I could watch Capturing the Friedmans ten more times and still be undecided on the truth. After the film, I watched another 90 minutes of extra interview and discussion footage on the DVD and I only became more conflicted. I even watched Just a Clown, director Andrew Jarecki's short film about Silly Billy aka David Friedman, the embryo of the Friedman saga. The family fascinates me. They are sick, dysfunctional, manipulative, tragic and completely real.
I want to know all the unavailable facts behind Capturing the Friedmans, but that's not possible. Everybody and nobody tell the truth with absolute conviction. How can this be? How can there be so many dissenting versions of reality among police, lawyers, witnesses, and within the Friedmans themselves?
Memory, perspective, and context are key to storytelling. Even the uninterrupted filming of an event is marred by singular perspective. Friedmans is a documentary with a large amount of actual footage, but it's still a story -- a recreated version of the truth. Thousands of judges listen to stories every day in thousands of courtrooms. The truth becomes the story that best appeals to their sense of logic and plausibility. They don't know the truth any more than I do about the Friedmans.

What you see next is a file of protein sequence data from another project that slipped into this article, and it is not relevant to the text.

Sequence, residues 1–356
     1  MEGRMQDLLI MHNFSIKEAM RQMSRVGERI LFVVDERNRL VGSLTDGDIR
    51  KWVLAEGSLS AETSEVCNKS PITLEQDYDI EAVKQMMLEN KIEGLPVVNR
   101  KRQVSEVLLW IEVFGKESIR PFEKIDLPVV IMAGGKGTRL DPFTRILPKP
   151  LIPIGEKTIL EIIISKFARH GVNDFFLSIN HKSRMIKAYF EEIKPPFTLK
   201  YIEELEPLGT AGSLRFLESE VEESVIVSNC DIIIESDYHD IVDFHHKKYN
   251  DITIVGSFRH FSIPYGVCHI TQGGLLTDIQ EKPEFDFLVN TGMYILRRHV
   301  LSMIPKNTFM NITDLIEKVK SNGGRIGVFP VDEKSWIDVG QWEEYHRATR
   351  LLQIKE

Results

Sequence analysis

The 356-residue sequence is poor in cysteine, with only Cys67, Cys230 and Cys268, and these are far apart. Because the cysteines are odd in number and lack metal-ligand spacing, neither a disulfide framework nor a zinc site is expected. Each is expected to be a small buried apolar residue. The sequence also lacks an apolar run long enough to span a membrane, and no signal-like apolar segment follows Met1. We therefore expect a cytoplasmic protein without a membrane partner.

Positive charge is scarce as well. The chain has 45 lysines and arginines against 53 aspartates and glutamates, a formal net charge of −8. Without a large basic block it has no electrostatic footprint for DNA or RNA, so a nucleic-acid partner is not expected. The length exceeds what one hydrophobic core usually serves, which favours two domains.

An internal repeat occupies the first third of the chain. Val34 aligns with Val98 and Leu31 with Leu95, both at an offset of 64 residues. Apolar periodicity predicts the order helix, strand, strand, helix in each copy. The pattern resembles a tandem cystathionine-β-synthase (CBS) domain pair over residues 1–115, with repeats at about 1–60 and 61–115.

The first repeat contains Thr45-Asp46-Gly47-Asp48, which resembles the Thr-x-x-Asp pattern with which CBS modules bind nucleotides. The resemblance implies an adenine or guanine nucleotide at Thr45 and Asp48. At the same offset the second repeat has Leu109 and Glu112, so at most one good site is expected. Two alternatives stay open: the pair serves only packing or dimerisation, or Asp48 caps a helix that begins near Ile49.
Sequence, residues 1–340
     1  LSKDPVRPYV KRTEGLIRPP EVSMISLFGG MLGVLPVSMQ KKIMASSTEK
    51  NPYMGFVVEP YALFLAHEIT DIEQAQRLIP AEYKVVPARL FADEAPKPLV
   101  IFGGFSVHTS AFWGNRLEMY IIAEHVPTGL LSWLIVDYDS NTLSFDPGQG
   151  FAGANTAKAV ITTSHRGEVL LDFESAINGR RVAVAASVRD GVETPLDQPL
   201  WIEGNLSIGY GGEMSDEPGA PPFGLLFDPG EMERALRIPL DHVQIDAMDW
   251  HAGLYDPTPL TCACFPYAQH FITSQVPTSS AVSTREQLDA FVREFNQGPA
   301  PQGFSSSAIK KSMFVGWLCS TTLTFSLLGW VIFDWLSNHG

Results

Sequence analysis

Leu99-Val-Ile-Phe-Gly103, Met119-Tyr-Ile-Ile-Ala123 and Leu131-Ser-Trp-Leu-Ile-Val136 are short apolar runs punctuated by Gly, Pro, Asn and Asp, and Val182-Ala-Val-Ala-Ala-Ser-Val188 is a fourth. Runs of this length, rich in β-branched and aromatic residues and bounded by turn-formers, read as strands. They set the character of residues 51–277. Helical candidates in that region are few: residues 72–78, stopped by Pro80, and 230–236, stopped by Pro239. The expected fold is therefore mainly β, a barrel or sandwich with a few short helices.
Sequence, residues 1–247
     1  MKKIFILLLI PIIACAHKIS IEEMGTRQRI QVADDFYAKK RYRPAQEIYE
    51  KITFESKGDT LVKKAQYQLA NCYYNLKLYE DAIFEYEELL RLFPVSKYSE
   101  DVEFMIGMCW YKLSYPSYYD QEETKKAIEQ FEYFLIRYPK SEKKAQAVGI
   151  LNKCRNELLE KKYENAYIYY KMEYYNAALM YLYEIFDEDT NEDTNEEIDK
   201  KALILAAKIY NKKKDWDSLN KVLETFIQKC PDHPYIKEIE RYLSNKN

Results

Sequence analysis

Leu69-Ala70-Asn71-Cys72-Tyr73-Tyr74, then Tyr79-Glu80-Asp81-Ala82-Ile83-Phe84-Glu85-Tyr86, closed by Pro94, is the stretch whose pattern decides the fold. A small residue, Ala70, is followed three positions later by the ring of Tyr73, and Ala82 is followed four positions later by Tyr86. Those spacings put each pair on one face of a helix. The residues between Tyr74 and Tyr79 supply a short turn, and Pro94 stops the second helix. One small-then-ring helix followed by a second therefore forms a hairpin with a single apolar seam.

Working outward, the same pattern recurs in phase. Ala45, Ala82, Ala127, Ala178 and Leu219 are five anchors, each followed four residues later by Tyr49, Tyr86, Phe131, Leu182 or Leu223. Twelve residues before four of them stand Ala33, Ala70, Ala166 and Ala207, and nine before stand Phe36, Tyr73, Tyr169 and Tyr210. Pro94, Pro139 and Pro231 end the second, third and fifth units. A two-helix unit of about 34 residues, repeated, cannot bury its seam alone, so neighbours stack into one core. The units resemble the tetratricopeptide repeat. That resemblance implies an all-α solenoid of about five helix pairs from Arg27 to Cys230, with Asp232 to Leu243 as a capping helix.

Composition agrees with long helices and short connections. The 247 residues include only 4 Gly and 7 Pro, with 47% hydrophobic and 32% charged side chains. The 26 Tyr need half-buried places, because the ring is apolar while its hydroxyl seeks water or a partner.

If you rent this film on DVD and enjoy it, take a good look at the second disc of extras, especially Discussion, Just a Clown, and Jesse's part in Family.
Choosing between Fog of War and Capturing the Friedmans for Best Documentary is a much more interesting pick for me than the Best Picture race. I enjoyed both movies as much or more than anything nominated for Best Picture and highly recommend them.